That's the game for the S&P 500 this week but we're expecting the bust though raising the debt ceiling may buy us a week and passing the infrastructure bill may buy us a whole quarter before the inevitble correction completes itself. So far, nothing has stopped us from moving down to our strong retrace line at 4,230, which is our next stop, if there is no intervention but, for the day, we're looking for a bounce back to 4,350, which is the strong bounce line off 4,230 – a fall we haven't even taken yet.
Very simply, per our 5% Rule™, if you fail to bounce over the bounce line for a level you haven't even fallen to yet – then you'll be seeing that level pretty soon! That's how the failure at 4,440 tipped us off that we were going to make our next leg down last week and now, we're HOPING to bounce to a point almost 100 points below that or 4,230 – here we come!
We are pre-market bouncy this morning at 4,310 but that's not impressive at all in the low-volume Futures. Oil (/CL) is at $78.61 and I'm liking them short again below the $78.50 line with tight stops above but I'd rather see us go up to $80 first as that would be a fantastic short, lined up with $85 on Brent (/BZ), which is currently at $82.50 – I just don't think we're going to make it.
Oil is at a 7-year high as OPEC wrapped up their meeting yesterday sticking with their slow, steady, 400,000 barrels per day increase in production for November, shrugging off pressure to move faster as oil markets around the World tighten up and supplies in Europe run short. Europe is the wild-card as a natural gas shortage has caused more industrials to switch to oil and that's the only reason demand is up – nothing to do with an overall increase in demand which GS and other Manipulators are claiming is giving us a new paradigm.
US Oil Stocks have bottomed out at 420Mb, at the same time as they bottom out every year and we're still inside the 5-year average, which has been greatly exaggerated to the upside due to last year's shut-down and is now exaggerated to the downside due to hurricanes, OPEC's supply cut and the spike in Natural Gas causing oil to be used as an alternative by energy producers who can.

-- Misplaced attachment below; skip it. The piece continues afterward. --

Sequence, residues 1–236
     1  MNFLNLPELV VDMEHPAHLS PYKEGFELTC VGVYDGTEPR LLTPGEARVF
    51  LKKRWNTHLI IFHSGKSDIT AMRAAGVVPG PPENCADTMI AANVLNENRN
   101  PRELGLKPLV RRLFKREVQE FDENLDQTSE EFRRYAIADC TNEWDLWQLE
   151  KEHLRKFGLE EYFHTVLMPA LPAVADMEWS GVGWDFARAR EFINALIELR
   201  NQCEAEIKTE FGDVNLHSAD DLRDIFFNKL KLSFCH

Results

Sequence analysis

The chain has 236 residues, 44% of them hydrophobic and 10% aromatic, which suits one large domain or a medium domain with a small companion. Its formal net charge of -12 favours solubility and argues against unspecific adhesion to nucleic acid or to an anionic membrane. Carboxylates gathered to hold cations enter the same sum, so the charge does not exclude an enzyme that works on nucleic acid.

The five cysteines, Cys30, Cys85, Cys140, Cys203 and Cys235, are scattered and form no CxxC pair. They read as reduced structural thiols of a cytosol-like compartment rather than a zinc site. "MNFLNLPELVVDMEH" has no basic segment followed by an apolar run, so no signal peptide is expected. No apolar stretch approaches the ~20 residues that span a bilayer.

Not only that but US production has not come back yet as we're currently producing an average of 11.12Mbd in 2021 vs 12.3Mbd in 2019 so that's 1.2Mbd or 8.4Mb less EVERY WEEK of US production – THAT is why our stocks are down 80M barrels from last year's level – because we produced 336M barrels LESS US oil than we did in the first 40 weeks of 2019 – NOT because of OPEC and NOT because of a surge in demand.
Since we are capable of producing 436M more barrels in a year and OPEC is capable of producting over 1 BILLION more barrels per year (by simply turning on the taps) THERE IS NO SHORTAGE OF OIL so how can you say demand is outstripping supply when supply is artificially constrained?
That's why the Oil Futures for next July are still at $73, just 10% above it's usual peak at $68, even though the current price of oil is now 30% above the August lows ($60). Not only that but look at all the car companies who are announcing electric fleets, not to mention the Global crack-down on carbon emissions that is even happening in China and India and, dare we say it? – for the first time in 4 years – EVEN IN THE USA!
OPEC and Goldman Sachs are just trying to squeeze you for the last of their oil profits while they can because demand peaked in 2019 and is not likely to ever get back to that level because every electic car that is sold uses 15 less barrels than the 25 mpg car it replaces. 75M cars are sold each year and, in 10 years, they will be almost all electric – at which point the use of gasoline will drop by 1Bn barrels each year until we have an all-electic fleet in roughly 2045.
10Bn less barrels of gasoline per year is 27M barrels per day or about 1/4 of current global consumption gone in 20 years. It will be a slow burn for the first 10 years bit. after that, nothing but pain for the oil industry as autos aren't the only place where oil consumption will be sharply reduced. That is the future of oil – not record demand as the idiots from Goldman Sachs would have you believe.